Home » Intelligent Design, Science » This is Science? But some folks claim ID isn’t? Why?

This is Science? But some folks claim ID isn’t? Why?

So let’s take a look around and see what passes for science today. One article comes to mind as an example of the peculiar, and it’s from The New York Times. This article explains how some scientists, probably considered mainstream, have posited that tiny particles are abhorred by nature, so nature, knowing that physicists will discover these tiny particles in the future, sabotages the equipment the  that the physicists intend on using.

More than a year after an explosion of sparks, soot and frigid helium shut it down, the world’s biggest and most expensive physics experiment, known as the Large Hadron Collider, is poised to start up again…

I’m talking about the notion that the troubled collider is being sabotaged by its own future. A pair of otherwise distinguished physicists have suggested that the hypothesized Higgs boson, which physicists hope to produce with the collider, might be so abhorrent to nature that its creation would ripple backward through time and stop the collider before it could make one, like a time traveler who goes back in time to kill his grandfather. Holger Bech Nielsen, of the Niels Bohr Institute in Copenhagen, and Masao Ninomiya of the Yukawa Institute for Theoretical Physics in Kyoto, Japan, put this idea forward in a series of papers with titles like “Test of Effect From Future in Large Hadron Collider: a Proposal” and “Search for Future Influence From LHC,” posted on the physics Web site arXiv.org in the last year and a half.

And some folks still consider the proposition of straightforward intelligent design in nature to be beyond science? I mean, we know that intelligent agents design things, do we know that particles are abhorred by clairvoyant nature and that she intentionally sabotages our equipment?

Now, I’m all for strange theories, this universe is a strange place, but let’s be consistent in what we deem scientific.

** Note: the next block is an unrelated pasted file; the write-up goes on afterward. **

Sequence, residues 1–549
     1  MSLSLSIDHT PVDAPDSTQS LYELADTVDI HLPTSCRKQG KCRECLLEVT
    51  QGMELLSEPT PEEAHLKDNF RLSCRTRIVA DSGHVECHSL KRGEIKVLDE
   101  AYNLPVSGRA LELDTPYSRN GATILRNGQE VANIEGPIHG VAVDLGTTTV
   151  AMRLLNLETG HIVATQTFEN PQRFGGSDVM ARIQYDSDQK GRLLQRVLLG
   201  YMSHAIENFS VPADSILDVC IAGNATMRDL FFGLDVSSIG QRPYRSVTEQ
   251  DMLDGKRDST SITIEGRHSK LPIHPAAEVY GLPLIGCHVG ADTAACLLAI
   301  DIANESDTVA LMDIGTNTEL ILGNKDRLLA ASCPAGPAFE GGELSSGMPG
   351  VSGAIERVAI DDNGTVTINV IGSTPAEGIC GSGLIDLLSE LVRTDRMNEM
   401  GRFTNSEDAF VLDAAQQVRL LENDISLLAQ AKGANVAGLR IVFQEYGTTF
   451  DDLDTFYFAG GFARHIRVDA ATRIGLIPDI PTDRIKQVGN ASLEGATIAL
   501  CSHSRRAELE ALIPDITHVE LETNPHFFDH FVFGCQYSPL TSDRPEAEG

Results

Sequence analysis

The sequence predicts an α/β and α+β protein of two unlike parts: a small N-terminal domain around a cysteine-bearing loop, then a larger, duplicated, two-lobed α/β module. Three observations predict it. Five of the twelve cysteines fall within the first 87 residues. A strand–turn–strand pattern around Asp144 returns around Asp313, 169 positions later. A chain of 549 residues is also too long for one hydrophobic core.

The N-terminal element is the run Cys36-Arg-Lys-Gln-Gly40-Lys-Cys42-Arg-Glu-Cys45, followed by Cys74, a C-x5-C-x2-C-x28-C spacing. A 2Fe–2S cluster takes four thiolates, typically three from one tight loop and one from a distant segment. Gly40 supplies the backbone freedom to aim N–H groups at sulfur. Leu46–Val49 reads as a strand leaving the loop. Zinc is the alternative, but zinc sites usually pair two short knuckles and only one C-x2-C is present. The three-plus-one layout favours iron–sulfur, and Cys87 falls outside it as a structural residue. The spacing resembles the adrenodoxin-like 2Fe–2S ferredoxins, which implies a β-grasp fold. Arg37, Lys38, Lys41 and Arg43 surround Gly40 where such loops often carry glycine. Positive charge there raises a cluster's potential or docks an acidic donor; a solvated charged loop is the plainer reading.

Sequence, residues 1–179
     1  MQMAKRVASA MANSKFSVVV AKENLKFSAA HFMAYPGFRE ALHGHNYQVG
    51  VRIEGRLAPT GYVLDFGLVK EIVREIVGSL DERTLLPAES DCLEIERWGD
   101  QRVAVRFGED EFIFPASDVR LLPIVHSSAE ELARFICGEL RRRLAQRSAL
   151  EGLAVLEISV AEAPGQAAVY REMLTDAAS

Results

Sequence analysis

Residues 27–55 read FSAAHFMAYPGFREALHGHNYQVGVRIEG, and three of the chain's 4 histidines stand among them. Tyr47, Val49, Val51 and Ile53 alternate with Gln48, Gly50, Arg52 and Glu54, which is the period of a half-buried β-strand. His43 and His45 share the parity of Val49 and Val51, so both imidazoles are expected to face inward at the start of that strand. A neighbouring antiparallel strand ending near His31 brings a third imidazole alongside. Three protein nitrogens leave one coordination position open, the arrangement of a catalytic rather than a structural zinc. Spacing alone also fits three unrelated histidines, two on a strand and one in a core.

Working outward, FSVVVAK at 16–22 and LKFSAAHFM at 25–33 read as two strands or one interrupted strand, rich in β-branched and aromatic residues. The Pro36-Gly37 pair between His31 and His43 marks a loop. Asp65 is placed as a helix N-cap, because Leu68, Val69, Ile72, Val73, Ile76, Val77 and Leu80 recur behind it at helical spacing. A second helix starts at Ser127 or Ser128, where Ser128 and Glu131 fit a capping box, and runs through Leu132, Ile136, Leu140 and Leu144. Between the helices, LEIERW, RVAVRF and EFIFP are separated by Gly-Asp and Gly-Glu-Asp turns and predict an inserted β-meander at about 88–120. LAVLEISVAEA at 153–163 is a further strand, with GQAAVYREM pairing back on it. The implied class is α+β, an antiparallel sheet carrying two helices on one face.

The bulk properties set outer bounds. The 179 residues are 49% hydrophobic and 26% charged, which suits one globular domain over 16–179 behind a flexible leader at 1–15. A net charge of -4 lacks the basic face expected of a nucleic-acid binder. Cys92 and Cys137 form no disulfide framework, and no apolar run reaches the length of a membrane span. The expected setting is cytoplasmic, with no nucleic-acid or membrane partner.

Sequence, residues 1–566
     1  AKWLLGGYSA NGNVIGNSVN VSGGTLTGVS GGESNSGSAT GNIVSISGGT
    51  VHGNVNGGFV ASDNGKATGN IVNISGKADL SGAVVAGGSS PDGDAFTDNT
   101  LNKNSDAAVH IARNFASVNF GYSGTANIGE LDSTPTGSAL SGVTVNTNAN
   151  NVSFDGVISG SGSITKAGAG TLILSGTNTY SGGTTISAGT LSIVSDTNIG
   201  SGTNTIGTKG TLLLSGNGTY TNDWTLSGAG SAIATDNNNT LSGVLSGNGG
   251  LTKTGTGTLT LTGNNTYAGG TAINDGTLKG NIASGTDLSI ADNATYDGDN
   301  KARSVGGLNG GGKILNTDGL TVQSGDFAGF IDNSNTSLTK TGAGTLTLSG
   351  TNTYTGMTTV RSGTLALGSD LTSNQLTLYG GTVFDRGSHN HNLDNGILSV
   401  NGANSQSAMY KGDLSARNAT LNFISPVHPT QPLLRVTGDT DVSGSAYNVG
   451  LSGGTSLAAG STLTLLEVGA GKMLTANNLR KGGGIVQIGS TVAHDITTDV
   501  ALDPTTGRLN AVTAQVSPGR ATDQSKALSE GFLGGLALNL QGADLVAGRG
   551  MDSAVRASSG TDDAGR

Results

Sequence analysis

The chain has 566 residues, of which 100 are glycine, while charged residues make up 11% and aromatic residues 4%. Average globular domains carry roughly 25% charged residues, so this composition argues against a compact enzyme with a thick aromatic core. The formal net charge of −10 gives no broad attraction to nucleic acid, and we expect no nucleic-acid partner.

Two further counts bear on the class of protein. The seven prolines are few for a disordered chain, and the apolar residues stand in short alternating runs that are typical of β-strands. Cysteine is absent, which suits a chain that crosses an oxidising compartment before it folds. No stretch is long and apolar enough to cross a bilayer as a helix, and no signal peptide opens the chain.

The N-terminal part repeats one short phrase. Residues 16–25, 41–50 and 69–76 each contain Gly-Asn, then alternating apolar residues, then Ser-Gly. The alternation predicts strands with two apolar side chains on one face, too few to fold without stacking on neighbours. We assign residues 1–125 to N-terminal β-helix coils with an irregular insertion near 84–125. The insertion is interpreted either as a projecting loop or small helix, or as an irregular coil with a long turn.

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17 Responses to This is Science? But some folks claim ID isn’t? Why?

  1. These people are insane. They should be stopped as soon as possible from destroying science, so we can salvage what is left of it.

  2. I was looking at this earlier today and I think it’s a prank by a couple of geeks with nothing better to do while they wait for the techies to repair the LHC. What is more troubling is that the prank is being mistaken for “serious science” by otherwise serious scientists. There was another prank someone pulled on the philosophers of science a few years ago.

    The authors clear up some of the mystery by describing their model as starting with “a series of not completely convincing, but still suggestive, assumptions”.

    Some more excitable corners of the physics blogosphere have been considerably less polite about the theory.

    Even more fun is Nielsen and Ninomiya’s suggestion of how their theory might be tested: with a card game.

    First, take a million or so cards, each scribbled with a future fate for the LHC. Make them overwhelmingly read “carry on”, but add just one or two saying “shut the thing down”.

    If you pull one of the “shut down” ones at random, you have pretty good proof that the Higgs is trying to tell you something from the future.

    I don’t know what happens if you disobey the warning: perhaps that’s where the thing with the black holes that eat the world come in.

    I’m not sure anyone in charge needs my advice on this, but I’d be tempted to go ahead with the LHC restart anyway, just on the off-chance Nielsen and Ninomiya are wrong.

    http://www.newscientist.com/bl.....s-sab.html

    The article contains links to the papers by Nielsen and Ninomaya – I don’t understand the math but the text has a definite whiff of the whimsical.

  3. Is it possible that the problems of the Large Hadron Collider are bigger and more expensive than formerly realized?

    Golly, if my washing machine bust and I couldn’t get it fixed and didn’t have any idea what to do next – and was under pressure to account for what happened – I might resort to a mystifying story to gain time.

    Like, people do that.

    The way a squid squirts a big cloud of ink.

    Oh wait. It IS a big cloud of ink.

    Good luck finding out what’s really going on.

  4. I agree that it seems to be taking longer than expected to repair the collider.

    But on the matter of straightforward intelligent design, its anything but straightforward. Assuming a ‘designer’ sounds seductively benign, but it requires the total upheaval of everything we have ever understood about science, a far greater leap than evolution. Evolution at least obeys the basic laws of physics as we understand them, but a designer is like adding God to the mix.

  5. Notes from the USA,

    I really, really hope this whole thing is a prank, but if the NY Times reported it, it must be news… if so,

    I WANT my NICKEL!!!!

    As I understand it, my fearless congressional leaders balked at spending a gazillion dollars to build that atom-smasher in Texas, but the USA remains on the hook for the much of the funding of that broken toy secreted under France/Switzerland.

    I admit to dropping a penny for a laser pointer on EBAY (shipping: $4.99!!), but that was my choice. I figure I am out at least a nickel for my taxed-share of the Higgs-boson sniffer. Since it doesn’t work, I want a refund.